Ace Ventura v. Joe Exotic

Nothing defined life in the time of COVID quite like Tiger King and, quite like COVID, we are still talking about Tiger King nearly two years later.  On Christmas Eve, the production company behind Ace Ventura: When Nature Calls sued Netflix and the producers of Tiger King for copyright infringement because of the inclusion of five seconds worth of footage.  It is a bizarre move for the owner of the original film, but, then again, Joe Exotic is a magnet for absurdity.  The complaint quotes from Wikipedia[1] and puts forth some pretty incredible theories, including that When Nature Calls “enhance[d] the commercial value of Tiger King by (1) demonstrating the frequent use of wild animals in various cinematic productions, (2) adding levity to the first episode of the docuseries, an important factor in driving traffic to the episodes of Tiger King which follow, and (3) indicating by inference that the makers of Ace Ventura 2 are promoting Tiger King favorably.”

What is so perplexing is that Netflix’s use appears to fit squarely within the well-established metes and bounds of fair use.  The two brief clips from the film, one of a monkey on Ace Ventura and one of Ace on an elephant, are used as visuals while animal trainer, Bhagavan Antle, describes how his big cats have appeared in “five hundred gigantic international movies” including Jungle Book, Doctor Doolittle, and Mighty Joe Young, as well as Ace Ventura.  The law provides that the use of copyrighted material for the purposes of criticism, comment, news reporting, teaching, scholarship, or research is not copyright infringement in certain circumstances.[2]  In determining whether a use is considered fair use, the statute outlines four non-exclusive factors for consideration: (i) the purpose and character of the use, including whether the use is commercial or for educational or nonprofit purposes; (ii) the nature of the copyrighted work; (iii) the amount of the portion used in relation to the copyrighted work as a whole; and (iv) the effect of the use on the potential market for or value of the copyrighted work.[3]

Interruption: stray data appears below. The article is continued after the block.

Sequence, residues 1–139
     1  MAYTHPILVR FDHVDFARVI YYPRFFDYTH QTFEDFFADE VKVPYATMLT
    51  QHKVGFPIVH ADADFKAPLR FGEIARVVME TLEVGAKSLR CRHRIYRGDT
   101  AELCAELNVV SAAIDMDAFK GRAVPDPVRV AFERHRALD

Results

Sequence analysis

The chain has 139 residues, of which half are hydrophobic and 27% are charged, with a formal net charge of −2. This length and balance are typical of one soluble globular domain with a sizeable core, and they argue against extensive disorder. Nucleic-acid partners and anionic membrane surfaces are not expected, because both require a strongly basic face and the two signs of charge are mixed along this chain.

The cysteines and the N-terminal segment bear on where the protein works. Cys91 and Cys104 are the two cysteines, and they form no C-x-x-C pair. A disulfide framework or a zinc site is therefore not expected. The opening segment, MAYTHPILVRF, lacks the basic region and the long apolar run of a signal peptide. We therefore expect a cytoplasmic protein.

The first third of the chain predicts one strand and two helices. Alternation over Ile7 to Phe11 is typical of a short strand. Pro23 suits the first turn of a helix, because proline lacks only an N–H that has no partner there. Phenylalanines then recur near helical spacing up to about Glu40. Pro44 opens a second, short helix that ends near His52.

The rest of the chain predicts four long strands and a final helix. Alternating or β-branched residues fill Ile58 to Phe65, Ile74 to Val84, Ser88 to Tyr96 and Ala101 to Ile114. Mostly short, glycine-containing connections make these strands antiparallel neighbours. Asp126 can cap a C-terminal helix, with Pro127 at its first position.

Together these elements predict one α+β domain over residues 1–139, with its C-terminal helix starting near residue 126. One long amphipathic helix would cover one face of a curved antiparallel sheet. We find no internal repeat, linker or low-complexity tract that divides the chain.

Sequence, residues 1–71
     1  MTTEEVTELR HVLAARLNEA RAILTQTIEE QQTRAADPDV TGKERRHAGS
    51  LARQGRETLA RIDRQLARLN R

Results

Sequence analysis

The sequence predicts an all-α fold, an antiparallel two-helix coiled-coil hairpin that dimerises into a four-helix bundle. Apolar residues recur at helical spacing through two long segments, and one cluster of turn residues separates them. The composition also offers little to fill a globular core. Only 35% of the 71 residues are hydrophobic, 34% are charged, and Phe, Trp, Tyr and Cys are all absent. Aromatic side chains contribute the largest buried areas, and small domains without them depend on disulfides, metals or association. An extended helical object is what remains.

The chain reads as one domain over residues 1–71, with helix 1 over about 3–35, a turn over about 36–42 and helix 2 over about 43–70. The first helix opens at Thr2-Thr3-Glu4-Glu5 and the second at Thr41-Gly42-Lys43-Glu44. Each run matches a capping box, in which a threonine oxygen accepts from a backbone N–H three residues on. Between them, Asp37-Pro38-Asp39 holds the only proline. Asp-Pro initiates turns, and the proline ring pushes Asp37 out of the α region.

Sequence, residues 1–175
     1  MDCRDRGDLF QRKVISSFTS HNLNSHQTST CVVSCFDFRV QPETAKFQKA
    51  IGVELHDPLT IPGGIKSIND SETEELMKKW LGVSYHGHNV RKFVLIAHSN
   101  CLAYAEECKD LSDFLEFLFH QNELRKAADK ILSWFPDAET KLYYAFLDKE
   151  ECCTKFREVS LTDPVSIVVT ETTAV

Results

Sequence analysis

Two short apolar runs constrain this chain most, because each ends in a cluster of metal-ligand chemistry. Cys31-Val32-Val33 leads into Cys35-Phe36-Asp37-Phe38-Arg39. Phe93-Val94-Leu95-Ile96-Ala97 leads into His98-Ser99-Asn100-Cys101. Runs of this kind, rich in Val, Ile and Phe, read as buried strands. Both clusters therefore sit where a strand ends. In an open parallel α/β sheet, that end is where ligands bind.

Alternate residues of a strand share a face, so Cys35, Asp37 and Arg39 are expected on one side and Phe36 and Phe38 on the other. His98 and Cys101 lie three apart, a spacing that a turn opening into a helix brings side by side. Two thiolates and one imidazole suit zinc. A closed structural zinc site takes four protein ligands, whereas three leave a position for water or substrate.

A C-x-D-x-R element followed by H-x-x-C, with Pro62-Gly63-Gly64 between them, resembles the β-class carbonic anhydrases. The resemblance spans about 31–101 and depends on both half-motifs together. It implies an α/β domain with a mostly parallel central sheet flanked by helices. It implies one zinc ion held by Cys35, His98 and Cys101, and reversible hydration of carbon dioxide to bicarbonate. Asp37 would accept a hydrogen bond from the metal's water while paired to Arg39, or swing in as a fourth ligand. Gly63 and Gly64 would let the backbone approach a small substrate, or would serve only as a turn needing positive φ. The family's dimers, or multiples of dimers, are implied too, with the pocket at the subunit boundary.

The law recognizes that even documentaries like Tiger King are “crucial to the exchange of opinions and ideas” and cautions that by “requir[ing] those wishing to produce films and documentaries to receive permission from copyright holders for fleeting factual uses of their works, we would allow those copyright holders to exert enormous influence over new depictions of historical subjects and events.”[4]  They key phrase here is “fleeting factual use,” which is exactly how the production company used the clips of Ace Ventura—tying a visual of Antle’s professional animal training to his Tiger King interview.  Plaintiff’s characterization of the use as an “enhance[ment of] the commercial value of Tiger King” is really just an impermissible attempt to control facts.

While Tiger King does not make a profoundly transformative use of the clips, “[e]ven making an exact copy of a protected work may be transformative, provided ‘the copy serves a different function than the original work.’”[5]  The factual use here serves a completely different function from the original expressive and comedic purpose, and even if the clips “add[ed five seconds of debatable] levity” to an already easily-digestible program, the fact that the original copyrighted material is enjoyable to watch does not factor into the fair use analysis.[6]